One thing Oka was able to bring to the attention of aid organizations was an understanding of the inappropriateness of some of the food donations.
“The African refugees complained that they are given beans, rice, maize and sorghum. All require time for preparation and cooking. And money, to purchase firewood to cook,” Oka said. “Before it was the Bosnians, they said, who got better food such as pasta. Now the Syrians get pita, tomatoes, and eggs. But we in Africa, we are given maize because they think that’s what we eat. Why would we Africans want anything else? I was able to bring that out in the meeting without demonizing the World Food Program, which operates within logistical constraints.”
In another instance, there were riots last year because two South Sudanese groups were put in the same compounds — Dinka and Nuer — each fleeing recent slaughter by the other.
But in the larger view, the process of warehousing refugees in camps is on its way out, Oka said. “The new idea is to create cities where refugees can live and work and build a city of homes. The camps become a city without walls, where people can go in and out. They’re not constantly looking to the future, or weeping for the past. You build a community where children can go to school and parents go to work.”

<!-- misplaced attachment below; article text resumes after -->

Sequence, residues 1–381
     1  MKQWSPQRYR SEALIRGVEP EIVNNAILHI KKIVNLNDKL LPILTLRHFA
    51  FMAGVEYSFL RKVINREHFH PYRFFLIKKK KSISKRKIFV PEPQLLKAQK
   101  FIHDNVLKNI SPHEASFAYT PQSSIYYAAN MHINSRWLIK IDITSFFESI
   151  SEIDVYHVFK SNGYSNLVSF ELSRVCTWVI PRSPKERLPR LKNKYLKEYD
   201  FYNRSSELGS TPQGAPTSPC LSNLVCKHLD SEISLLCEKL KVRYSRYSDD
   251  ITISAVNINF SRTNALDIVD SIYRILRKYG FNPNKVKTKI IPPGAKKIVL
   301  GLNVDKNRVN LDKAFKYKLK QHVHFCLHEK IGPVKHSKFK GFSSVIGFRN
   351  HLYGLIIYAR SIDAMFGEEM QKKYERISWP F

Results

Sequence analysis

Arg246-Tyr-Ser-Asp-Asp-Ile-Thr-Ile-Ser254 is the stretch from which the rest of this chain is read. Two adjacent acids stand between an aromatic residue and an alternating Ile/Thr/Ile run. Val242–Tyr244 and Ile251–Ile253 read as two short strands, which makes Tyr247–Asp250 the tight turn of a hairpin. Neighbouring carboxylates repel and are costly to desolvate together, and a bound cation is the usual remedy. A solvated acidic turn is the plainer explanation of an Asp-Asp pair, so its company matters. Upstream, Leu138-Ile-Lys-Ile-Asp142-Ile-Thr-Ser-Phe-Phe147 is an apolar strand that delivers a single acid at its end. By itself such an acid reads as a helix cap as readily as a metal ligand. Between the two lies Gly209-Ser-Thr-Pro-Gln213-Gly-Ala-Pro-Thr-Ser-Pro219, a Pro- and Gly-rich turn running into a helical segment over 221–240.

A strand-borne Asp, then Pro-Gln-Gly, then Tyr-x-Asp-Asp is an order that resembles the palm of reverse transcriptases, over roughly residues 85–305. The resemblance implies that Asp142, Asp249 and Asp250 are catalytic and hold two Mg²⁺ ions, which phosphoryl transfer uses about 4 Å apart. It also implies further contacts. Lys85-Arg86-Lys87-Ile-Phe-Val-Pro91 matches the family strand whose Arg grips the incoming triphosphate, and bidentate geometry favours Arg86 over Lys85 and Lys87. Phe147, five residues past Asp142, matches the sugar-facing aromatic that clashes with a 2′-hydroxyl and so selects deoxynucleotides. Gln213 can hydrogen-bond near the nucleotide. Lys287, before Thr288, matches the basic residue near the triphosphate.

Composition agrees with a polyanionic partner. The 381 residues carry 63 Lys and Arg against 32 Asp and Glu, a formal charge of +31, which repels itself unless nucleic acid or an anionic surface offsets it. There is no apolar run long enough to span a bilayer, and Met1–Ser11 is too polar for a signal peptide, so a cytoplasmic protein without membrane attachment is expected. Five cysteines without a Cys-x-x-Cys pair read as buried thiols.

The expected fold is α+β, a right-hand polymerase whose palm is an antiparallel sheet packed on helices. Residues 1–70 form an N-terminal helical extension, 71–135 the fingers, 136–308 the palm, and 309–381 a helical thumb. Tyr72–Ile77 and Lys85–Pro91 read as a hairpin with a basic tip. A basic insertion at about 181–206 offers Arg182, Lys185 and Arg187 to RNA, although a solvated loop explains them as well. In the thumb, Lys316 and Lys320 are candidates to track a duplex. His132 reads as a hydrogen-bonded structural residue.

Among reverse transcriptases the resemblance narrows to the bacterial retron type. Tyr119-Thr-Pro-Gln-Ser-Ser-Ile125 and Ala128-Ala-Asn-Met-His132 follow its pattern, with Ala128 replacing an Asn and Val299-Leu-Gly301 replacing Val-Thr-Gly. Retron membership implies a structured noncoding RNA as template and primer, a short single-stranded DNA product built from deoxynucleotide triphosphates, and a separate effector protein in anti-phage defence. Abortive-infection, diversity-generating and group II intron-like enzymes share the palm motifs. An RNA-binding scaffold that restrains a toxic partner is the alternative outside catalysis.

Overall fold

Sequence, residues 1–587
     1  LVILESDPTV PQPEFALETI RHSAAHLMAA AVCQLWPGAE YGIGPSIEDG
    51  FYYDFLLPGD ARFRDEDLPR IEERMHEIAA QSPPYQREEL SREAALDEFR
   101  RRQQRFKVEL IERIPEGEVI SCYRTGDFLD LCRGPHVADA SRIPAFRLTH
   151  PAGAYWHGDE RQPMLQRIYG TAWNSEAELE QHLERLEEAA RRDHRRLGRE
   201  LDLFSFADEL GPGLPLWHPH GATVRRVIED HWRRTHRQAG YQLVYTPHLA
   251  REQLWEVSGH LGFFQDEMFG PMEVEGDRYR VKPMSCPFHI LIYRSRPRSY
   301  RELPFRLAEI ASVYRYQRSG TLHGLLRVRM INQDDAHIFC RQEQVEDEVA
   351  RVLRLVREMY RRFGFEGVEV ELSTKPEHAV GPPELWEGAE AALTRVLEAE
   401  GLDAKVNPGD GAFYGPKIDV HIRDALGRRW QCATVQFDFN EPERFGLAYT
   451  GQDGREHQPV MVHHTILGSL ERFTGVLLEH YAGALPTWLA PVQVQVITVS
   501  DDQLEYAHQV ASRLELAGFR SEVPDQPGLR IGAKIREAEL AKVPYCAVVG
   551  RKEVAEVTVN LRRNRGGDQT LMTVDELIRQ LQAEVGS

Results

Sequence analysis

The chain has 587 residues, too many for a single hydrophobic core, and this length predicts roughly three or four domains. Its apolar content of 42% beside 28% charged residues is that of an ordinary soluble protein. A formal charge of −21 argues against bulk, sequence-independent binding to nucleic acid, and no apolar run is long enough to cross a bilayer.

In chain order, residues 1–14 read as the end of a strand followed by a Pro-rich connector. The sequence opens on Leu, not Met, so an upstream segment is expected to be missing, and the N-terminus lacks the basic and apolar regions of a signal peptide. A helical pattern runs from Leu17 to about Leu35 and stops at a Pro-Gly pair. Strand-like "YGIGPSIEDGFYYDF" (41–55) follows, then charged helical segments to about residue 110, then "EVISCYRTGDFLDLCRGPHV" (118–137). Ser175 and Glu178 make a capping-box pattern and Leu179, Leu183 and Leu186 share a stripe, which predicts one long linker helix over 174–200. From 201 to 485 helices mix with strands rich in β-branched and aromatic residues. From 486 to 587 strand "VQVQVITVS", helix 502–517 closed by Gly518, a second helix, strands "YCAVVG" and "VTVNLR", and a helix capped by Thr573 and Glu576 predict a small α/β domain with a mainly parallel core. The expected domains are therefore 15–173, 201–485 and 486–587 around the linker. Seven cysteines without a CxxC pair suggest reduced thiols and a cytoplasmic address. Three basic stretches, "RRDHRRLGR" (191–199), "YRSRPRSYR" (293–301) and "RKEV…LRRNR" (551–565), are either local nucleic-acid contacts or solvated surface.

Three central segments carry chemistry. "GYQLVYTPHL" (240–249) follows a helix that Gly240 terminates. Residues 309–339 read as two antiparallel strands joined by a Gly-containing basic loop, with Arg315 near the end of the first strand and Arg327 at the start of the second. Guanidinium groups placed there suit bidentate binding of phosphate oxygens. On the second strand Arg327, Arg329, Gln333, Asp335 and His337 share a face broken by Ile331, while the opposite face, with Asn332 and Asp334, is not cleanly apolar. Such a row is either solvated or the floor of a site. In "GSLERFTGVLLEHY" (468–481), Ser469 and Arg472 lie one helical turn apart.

“Rahul’s research is changing the way we look at aid," said Raouf Mazou, the UNHCR representative in Kenya. "His work has demonstrated how moving away from a model of humanitarian assistance toward a model of self-reliance can provide the best possible outcome for the refugee community.”
This fall, Oka’s work was featured in a Notre Dame “What Would You Fight For?” video, “Fighting For Displaced People.”
Originally published at news.nd.edu.